During the completely flat coastal option we stop at the significant ruinous site of Egnazia where archeologists have uncovered remnants of early Greek and Roman civilizations and then meet up with those who wish for a more challenge. Both rides then lead to Ostuni via the ancient olive groves that are sure to mesmerize the viewer and leave one with the feeling that any minute one of them will speak; as if from the "Land of OZ".
Whitewashed Ostuni, a town of pre-historic origin, has survived the ages and retains the most typical of Apulian architecture in accordance with its historic growth. It is felt that through the ages it has succeeded in staying in perfect balance with the surrounding countryside. From the moment we approach from miles away, to the moment we enter the historic town center; it would be hard to argue against this observation.
Lodging: A beautiful 4-star hotel in the historic center.
Dinner: Osteria within the historic Center's Ancient Walls
Day 4-6: Castles, Towers and Sea Grottoes
From Ostuni we ride across the long flat valley filled with vineyards and towns whose roots go back to Puglia's original inhabitants of 3000 B.C., the Messapi. We visit Oria, once capital of the Messapi then a major Roman trading center on the Apian Way, and evolving into an important Jewish colony. Explore the triangular castle and an old town center loaded with architectural attractions as we cross the plains to the incomparable, Lecce.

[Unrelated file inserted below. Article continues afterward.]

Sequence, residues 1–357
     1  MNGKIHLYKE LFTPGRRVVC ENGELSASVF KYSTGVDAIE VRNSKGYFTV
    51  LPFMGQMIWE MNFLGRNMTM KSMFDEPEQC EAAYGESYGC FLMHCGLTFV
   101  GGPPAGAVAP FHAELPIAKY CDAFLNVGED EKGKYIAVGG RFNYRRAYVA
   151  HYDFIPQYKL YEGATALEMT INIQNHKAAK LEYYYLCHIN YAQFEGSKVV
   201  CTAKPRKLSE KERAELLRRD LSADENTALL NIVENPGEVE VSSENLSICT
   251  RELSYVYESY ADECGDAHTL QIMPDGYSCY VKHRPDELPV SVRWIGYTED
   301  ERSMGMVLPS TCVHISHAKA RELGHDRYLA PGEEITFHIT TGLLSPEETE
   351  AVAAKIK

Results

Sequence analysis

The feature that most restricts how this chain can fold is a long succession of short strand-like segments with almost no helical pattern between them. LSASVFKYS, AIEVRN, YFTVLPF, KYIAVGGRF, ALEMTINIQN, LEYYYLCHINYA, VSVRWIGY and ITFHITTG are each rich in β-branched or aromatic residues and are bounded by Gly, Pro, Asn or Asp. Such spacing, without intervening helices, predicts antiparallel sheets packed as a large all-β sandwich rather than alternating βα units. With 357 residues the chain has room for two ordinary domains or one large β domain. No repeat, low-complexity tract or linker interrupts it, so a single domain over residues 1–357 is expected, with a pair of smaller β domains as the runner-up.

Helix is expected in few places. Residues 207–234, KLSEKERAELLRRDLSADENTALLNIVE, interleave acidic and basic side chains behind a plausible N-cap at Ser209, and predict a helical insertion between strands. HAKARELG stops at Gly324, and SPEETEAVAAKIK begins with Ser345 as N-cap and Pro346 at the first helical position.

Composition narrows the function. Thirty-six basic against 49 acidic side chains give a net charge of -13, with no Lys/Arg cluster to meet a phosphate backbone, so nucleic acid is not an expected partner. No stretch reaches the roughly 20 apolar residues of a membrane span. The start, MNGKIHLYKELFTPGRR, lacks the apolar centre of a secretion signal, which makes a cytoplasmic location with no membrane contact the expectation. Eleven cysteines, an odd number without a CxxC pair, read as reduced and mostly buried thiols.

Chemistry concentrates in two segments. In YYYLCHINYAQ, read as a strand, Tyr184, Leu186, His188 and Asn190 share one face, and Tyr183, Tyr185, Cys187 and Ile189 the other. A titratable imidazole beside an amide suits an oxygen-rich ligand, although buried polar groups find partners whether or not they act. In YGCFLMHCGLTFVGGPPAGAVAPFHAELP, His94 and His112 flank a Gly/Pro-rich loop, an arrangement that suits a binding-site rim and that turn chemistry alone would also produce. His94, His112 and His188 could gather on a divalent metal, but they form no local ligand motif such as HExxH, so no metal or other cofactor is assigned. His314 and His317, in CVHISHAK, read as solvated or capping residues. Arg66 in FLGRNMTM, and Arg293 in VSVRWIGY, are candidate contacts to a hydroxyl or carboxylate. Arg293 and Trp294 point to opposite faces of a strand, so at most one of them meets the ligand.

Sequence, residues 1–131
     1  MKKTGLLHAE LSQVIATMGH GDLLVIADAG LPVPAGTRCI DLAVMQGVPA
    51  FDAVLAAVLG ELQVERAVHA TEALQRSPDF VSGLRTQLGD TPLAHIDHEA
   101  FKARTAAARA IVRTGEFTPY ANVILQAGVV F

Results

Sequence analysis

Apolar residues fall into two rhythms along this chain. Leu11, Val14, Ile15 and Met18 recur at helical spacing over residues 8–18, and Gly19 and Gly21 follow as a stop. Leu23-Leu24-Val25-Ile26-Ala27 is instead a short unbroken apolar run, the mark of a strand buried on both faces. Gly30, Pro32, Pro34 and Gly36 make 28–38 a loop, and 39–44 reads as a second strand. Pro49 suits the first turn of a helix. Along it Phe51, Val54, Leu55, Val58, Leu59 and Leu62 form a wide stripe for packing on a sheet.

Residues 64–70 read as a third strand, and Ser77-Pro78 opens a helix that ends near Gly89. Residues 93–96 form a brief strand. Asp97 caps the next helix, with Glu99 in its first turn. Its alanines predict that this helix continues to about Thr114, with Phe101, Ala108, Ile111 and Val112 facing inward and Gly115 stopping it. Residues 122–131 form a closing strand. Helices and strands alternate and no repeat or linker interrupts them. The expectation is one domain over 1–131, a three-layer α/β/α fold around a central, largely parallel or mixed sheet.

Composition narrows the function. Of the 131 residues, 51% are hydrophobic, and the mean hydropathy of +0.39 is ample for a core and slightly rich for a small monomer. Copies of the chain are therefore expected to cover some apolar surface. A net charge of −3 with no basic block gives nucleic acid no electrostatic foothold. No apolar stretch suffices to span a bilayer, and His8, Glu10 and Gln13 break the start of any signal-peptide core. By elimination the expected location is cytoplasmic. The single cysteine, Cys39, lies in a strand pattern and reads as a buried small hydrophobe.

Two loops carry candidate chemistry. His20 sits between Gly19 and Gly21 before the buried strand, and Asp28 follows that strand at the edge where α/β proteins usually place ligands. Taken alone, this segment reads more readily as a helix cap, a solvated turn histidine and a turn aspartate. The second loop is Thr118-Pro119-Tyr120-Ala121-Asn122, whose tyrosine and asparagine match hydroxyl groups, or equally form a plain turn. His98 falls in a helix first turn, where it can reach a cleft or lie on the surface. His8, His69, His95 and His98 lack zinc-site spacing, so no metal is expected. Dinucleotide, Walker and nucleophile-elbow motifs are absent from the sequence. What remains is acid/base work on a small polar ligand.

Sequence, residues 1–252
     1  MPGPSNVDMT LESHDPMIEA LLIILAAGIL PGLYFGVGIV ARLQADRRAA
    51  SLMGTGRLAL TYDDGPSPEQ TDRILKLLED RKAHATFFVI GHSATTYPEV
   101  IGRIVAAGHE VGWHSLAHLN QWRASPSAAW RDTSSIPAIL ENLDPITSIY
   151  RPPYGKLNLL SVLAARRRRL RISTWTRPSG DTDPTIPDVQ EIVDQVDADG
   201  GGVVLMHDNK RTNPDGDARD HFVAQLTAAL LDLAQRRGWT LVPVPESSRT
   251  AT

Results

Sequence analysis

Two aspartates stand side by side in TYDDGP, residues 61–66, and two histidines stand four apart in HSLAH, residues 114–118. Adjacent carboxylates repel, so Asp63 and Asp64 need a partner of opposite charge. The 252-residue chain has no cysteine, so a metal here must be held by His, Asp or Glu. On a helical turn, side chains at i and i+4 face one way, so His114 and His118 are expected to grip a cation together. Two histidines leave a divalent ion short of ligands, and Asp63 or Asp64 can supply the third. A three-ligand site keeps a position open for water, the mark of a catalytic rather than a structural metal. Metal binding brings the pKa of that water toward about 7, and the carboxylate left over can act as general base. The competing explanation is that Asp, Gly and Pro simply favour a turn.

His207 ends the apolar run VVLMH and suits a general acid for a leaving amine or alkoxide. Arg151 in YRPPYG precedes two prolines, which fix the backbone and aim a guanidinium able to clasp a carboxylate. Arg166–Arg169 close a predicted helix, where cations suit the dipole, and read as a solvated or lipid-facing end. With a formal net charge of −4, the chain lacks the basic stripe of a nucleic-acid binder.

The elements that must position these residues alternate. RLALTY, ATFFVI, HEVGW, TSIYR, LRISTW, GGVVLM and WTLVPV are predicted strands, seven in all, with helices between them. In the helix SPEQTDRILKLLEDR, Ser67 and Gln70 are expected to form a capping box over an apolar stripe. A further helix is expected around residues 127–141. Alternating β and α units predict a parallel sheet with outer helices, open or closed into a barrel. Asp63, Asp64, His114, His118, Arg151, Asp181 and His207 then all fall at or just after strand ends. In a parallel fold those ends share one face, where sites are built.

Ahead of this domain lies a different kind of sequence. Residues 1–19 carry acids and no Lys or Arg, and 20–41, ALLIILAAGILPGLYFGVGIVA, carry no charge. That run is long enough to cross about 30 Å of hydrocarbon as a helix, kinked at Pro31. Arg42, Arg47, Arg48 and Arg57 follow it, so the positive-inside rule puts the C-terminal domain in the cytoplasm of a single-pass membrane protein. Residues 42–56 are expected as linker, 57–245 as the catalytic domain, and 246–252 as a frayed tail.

Lecce has often been described as a Baroque Jewel, and jewel it is. This lively town offers us a chance to enjoy an active evening within the unrivalled architecture of soft pink local stone used to build everything from the piazzas and town gates to the numerous churches that adorn this city of unparalleled beauty. During our first day off the bike we enjoy an extensive private city tour that not only examines the fine Baroque structure, but stops by the renowned papier-mâché studios. You are then free to explore more of the city on your own or cycle to the sea
for a comfortable swim.
The following day we ride past the ruins of a castle from the Messapi period and through the pine forest surrounding the Alimini Lakes. The Alimini Grande to the north is in contact with the Adriatic and is therefore salt water, while the Alimini Piccolo connected on the south end is nourished by a spring and is therefore fresh water. The landscape around both is tranquil and covered with vegetation typical to swampland-it's interesting if you can see the differences in the nature of the two lakes where gray mullet and eel swim around the reeds.
Once we reach Otranto we take time to explore. Otranto was the main port on the southern Adriatic under Byzantine rule, but today the ferry service for Corfu is the only surviving activity connected with the sea. On land, Otranto is a fairytale; medieval, whitewashed town featuring an impressive Aragonese castle and a beautiful Byzantine Cathedral with an impressive floor covered in colorful mosaic. The picture perfect waterfront & great outdoors market makes for a timely rest before we take on our 2 hill climbs into a region of unmatched coastal beauty.